Limitation periods are tricky. As lawyers, one of the first things we are taught is to pay close attention to limitation periods, because when you miss them the consequences can be devastating. And there are various limitation periods for various issues, so keeping track of them can be hard.
For traffic tickets, you have 30 days from the date you are served with the ticket to dispute it. If you're served the ticket after the offence, this means from the date the officer issues the ticket, not the date of the driving incident. Remember too that traffic tickets are different from Immediate Roadside Prohibitions, 24-Hour Driving Prohibitions, or Administrative Driving Prohibitions, which have different time periods for dispute.
But what happens when you miss the time to dispute your traffic ticket? This blog post attempts to explain what to do in that situation.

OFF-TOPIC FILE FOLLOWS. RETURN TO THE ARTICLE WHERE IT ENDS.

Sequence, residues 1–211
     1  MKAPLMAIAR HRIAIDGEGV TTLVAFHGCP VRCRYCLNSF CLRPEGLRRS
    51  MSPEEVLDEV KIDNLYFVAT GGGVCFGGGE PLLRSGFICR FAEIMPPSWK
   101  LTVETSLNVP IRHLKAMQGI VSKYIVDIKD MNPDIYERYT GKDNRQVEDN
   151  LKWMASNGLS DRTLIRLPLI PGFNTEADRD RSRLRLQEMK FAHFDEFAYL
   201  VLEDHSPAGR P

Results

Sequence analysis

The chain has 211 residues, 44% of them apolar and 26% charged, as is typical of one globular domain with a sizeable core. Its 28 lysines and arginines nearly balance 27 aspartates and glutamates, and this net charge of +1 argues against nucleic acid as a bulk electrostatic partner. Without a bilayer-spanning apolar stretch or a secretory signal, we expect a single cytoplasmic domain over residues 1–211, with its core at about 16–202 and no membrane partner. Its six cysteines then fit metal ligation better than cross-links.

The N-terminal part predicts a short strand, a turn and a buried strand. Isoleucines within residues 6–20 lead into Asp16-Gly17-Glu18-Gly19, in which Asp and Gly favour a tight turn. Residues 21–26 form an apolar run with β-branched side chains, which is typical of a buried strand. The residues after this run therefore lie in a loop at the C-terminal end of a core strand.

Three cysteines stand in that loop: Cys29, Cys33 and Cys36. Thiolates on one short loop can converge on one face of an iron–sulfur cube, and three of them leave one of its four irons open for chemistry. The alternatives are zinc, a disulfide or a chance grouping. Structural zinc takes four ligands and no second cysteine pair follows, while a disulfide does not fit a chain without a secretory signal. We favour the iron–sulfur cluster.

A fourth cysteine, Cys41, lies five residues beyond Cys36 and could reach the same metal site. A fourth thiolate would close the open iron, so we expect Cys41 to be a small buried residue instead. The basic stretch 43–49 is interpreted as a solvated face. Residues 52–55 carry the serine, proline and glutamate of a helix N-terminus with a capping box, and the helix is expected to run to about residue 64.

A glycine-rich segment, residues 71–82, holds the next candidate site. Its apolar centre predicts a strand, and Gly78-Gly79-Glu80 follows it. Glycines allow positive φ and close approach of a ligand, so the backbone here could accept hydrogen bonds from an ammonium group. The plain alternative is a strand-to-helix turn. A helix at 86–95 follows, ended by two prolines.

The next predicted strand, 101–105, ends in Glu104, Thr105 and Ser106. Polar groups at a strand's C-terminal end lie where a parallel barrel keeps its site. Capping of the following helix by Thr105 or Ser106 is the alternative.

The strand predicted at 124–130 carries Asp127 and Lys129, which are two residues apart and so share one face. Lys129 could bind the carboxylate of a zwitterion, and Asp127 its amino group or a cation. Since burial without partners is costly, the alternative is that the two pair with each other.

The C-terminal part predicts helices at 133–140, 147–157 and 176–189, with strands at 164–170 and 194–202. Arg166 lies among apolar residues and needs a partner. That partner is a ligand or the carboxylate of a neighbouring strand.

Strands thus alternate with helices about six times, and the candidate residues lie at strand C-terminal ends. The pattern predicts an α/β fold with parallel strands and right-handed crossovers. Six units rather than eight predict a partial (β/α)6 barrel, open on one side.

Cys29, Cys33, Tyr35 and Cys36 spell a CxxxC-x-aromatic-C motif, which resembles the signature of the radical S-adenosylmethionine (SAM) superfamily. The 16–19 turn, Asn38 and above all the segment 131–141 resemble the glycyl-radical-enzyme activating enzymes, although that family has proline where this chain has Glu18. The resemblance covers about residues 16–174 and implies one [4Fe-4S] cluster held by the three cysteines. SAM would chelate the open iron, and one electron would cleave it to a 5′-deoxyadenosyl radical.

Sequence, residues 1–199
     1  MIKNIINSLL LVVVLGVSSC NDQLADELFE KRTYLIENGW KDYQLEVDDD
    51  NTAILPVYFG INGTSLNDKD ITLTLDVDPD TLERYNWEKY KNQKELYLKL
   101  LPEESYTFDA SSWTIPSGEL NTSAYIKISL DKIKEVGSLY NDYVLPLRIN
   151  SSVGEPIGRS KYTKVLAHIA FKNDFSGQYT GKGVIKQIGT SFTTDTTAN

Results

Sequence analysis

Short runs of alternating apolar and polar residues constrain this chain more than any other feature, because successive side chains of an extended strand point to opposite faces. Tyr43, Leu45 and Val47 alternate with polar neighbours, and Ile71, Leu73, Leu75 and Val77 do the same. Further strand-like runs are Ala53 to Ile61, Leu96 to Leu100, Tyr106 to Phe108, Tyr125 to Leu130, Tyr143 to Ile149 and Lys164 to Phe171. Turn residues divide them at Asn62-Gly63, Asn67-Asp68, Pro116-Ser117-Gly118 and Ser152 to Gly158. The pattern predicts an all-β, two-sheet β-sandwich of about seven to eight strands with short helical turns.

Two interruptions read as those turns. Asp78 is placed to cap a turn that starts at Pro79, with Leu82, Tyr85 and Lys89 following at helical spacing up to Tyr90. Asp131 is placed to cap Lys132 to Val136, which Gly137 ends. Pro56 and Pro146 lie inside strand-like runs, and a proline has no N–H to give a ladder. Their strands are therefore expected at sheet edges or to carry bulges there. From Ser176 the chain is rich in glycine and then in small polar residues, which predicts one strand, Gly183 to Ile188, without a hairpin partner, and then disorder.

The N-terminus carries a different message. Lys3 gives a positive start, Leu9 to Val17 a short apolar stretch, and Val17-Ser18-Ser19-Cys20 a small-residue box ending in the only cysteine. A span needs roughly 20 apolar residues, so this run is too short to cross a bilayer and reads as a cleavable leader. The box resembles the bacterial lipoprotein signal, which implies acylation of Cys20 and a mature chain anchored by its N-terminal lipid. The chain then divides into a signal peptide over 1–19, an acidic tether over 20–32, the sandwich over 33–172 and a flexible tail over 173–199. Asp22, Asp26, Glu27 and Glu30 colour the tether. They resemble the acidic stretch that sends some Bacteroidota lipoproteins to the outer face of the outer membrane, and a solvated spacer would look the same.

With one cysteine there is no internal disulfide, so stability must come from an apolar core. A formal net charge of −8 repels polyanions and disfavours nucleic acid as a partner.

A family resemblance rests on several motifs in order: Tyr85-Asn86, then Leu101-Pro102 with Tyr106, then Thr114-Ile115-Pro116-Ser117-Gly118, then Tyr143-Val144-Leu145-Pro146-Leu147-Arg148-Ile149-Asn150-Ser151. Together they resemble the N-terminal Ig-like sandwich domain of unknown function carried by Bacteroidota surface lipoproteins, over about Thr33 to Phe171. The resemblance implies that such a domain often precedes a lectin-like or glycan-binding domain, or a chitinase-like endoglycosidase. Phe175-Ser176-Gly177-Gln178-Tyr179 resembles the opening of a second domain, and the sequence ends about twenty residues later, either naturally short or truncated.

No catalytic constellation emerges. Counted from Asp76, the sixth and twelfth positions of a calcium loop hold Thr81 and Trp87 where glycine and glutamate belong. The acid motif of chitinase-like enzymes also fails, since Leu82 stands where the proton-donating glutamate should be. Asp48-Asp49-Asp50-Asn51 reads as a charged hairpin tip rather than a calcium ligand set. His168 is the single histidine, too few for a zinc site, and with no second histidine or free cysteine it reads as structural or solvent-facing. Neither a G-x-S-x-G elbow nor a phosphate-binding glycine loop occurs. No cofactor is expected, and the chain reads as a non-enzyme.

A recent article by News1130 suggested that drunk driving numbers are falling in Vancouver. The article cites statistics provided by the Vancouver Police Department spokesperson, Brian Montague to show that in 2013, 1317 IRPs were issued to drivers. In 2014, the number fell to 1100 in 2014, and by 2015 it was down to 1030.
At first blush the numbers appear to show a general decline in drunk driving in Vancouver, but these numbers do not tell the full story.
I receive a number of calls from clients who have been involved in accidents, or who have fled from police and who are later given a ticket by the police. It is not uncommon for officers to show up on someone's doorstep and serve them with a traffic ticket for something that happened days, weeks, or even months earlier. Most of these clients have questions about disputing these tickets, and questions about whether the police are entitled to serve a ticket after the fact, or for something they did not observe.
This blog post attempts to answer those questions.
Vancouver Criminal Lawyer with a focus on impaired driving, marijuana legalization and related issues, and immediate roadside prohibition defence.